The dash has this tendency to increase dashing. Dashing begets more dashing. More urgency. A fear that what we have will not be enough.

So we’re willing to cut corners to make a little more money, even if the law says it’s embezzlement and those numbers represent others’ financial futures. We’re willing to indebt long-term impact on the environment if it means technological innovations and accolades today. Forget the grandchildren. We tell ourselves that all the extra time at the office is for the sake of our families even though the families are in disarray like an out-of-control ball of yarn. Like how the stars’ hydrogen process burning at an exponential rate only causes the star to burn out faster, so too are humans addicted to the dash only growing more frivolous in their aims.

Still unconvinced? If not through the created order, what about observing the dash in the manufactured (dis)order of city planning. We’ve all seen it or been at a time or two a speeding car heading down the interstate. Twenty minutes later, there’s a backup. That speeding vehicle has been in a severe wreck, now blocking two lanes of traffic. That one person’s dash affects the overall flow of hundreds of thousands of commuters. Otherwise, this thoroughfare pulses unobstructed, propelling the lifeblood of society.

The irony is that both the dash and the ripple have a multiplying effect. The difference is that the dash multiplies destruction, like a meteorite striking broken earth, whereas the ripple multiplies flourishing, like a soft breeze over the surface of the water.

The dash opposes entropy; the ripple honors it. The dash sees life as a scarce good; the ripple sees it as a sacred gift. Both have the same numbers, but their rules bring about different solutions. A new answer to an old adversary. An acceptance to limits, unbound when we give of ourselves for the good of others, freed from the very limits the dash only reinforces.

But like a ripple, like an absence of traffic, it’s hard to see with the untrained eye. The dashers stand out. The dashers shake the headlines. But it is those content with the ripple who, like the sun, warm lives and beget life in the fibers of who we are — all the while normalized and non-news to our dash-saturated conscious.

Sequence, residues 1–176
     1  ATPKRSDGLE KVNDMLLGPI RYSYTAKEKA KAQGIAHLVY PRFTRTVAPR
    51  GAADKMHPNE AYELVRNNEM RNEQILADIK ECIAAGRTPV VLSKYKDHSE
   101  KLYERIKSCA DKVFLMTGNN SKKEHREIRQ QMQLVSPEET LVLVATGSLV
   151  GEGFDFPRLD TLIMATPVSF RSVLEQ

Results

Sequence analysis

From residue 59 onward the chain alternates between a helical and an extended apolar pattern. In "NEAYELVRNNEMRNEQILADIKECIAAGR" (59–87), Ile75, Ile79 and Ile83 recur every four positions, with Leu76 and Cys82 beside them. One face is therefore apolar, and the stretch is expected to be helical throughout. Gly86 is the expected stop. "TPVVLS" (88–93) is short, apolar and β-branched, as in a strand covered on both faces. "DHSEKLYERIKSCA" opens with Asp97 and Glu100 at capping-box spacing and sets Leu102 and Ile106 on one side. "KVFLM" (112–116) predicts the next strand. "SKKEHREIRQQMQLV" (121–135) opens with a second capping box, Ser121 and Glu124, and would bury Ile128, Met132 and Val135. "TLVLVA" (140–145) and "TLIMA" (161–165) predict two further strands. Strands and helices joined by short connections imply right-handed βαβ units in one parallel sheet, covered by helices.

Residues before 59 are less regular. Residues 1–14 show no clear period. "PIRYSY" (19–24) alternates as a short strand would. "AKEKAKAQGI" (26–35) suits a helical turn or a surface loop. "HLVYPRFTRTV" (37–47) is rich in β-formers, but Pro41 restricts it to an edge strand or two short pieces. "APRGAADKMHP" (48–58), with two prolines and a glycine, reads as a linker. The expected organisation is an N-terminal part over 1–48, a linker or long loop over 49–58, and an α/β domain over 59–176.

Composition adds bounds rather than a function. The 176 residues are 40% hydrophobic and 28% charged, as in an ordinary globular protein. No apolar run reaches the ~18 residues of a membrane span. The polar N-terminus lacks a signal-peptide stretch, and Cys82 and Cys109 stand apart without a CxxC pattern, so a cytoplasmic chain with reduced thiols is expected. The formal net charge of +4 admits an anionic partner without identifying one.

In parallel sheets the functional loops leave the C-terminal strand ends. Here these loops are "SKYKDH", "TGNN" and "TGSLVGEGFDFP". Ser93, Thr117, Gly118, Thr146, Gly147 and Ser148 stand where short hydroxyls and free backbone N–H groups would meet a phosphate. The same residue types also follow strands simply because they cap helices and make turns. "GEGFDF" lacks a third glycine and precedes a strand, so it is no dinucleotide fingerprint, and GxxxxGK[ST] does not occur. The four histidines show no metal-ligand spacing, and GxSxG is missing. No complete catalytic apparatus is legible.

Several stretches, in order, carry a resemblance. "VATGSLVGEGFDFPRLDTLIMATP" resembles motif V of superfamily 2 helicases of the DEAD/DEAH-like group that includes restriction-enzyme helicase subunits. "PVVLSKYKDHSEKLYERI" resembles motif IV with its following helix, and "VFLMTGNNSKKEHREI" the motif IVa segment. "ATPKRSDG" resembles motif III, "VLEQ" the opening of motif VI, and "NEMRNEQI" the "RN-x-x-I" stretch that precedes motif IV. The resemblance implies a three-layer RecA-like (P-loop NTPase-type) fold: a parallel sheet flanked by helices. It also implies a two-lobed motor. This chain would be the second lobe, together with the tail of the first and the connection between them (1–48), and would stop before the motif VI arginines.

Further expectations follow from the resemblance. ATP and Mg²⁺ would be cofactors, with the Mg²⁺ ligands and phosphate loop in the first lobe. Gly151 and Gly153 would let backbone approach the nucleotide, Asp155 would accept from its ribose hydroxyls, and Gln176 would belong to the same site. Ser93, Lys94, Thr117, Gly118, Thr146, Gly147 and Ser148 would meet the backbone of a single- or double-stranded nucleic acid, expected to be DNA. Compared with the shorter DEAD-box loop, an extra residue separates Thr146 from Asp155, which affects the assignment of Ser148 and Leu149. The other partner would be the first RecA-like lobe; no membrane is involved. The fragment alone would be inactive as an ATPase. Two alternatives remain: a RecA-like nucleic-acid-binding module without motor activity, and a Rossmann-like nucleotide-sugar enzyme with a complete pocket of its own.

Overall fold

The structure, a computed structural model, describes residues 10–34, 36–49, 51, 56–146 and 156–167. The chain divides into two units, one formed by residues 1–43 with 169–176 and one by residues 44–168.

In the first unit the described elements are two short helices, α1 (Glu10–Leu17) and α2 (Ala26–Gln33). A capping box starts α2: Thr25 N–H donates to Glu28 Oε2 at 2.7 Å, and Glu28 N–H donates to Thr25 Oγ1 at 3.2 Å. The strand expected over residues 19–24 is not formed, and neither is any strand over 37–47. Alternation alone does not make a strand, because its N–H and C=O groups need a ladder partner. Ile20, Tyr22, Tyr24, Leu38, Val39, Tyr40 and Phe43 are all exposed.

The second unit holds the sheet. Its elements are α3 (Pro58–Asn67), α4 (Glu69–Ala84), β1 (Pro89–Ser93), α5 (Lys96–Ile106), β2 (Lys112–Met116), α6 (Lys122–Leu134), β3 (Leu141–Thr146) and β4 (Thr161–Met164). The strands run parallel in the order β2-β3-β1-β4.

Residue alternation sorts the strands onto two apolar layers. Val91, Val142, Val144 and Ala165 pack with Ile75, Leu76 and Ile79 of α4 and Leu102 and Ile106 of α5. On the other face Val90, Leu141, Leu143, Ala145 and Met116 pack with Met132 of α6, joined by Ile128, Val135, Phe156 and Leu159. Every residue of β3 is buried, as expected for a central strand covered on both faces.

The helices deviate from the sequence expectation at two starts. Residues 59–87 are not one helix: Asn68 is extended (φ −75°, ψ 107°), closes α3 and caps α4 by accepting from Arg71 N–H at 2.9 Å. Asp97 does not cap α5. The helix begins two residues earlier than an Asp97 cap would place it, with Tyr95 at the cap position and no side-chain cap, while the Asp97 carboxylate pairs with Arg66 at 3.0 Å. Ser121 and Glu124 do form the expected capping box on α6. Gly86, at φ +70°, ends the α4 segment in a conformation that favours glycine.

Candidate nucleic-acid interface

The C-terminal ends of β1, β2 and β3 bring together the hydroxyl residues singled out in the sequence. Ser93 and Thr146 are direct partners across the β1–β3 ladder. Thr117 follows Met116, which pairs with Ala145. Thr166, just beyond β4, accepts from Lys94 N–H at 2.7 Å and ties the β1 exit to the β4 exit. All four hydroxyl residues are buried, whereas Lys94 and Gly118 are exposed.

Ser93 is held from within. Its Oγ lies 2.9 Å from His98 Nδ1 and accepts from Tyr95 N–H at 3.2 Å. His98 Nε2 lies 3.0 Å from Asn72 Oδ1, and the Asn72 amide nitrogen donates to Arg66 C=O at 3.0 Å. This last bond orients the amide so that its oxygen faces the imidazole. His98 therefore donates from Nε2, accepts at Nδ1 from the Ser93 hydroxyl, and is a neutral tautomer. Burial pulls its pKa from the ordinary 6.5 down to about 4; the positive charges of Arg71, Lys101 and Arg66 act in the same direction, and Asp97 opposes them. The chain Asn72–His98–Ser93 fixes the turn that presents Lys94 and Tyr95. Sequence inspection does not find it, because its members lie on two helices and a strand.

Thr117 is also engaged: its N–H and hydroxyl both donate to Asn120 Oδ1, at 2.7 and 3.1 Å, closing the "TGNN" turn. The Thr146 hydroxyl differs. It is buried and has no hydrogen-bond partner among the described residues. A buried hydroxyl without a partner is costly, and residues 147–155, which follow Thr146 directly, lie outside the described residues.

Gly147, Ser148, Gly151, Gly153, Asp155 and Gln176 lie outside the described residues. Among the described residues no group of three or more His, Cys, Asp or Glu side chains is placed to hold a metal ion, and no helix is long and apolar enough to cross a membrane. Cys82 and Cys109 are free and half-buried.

The unnoticed heartbeat of the universe

There are examples though of those whose impact is not a mad dash but a steady ripple. Buddy Hoffman, a man who has held two addresses like me in both an obscure southeastern Chicago suburb and an East Atlanta neighborhood, is one such undocumented story. He is an example of living after investment rather than illustriousness.

Hoffman started a church in Georgia that became locally popular to the point of discussing building expansions, but he opted to invest in leaders who could start new communities of faith rather than have one epicenter under his name. He opened his home to children who weren’t his own, where they gleaned his bad jokes, picked up his mannerisms and imbibed his posture to release people to their own potential rather than reserve people for his own pride. He did so in such a way that when he faced his untimely death, it wasn’t an endgame. It was his extra life now lived in the lives of those who grew out of what he gave away. Ripples in the flow of human history.

It could have gone differently. Hoffman could have sought a religious empire. He could have foregone evenings with guys in his basement for late-night planning at the office, dreaming up the quintillionth addition to his monolith. He could have sacrificed his family on the altar of ego, being yet another Rise and Fall of Mars Hill. But he gave of himself, and lives on.

His story is like many people whose lives were ripples. History won’t capture them. The night sky won’t get brighter because of their end. Like headlines only picking up the novel bad news, their good news will be left unspoken. Most likely those who invested in you will not have a sidewalk imprinting their memory or a bridge forever signposted in their honor. But your own life is a reflection of their investment, and those in whom you invest are the ongoing ripple of their initial investment in you. Even their investment is but a ripple of others who’ve gone before us.

When their and your names are forgotten, your ripple still pulses through the DNA of those you invested in, those you created, those you adopted. Like Rigel and Betelgeuse, Sol’s life will inevitably reach an end too. But unlike the former who destroy all in their wake, the billions of years of Sol’s devotion to life will not bring destruction. It will be a splendid sendoff of waves lapping upon the void, a goodbye gesture to the human life now living among the stars.

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Lane Lareau

Lane Lareau

Husband, dad, peacemaker, storyteller || Empowering spaces for flourishing || He/him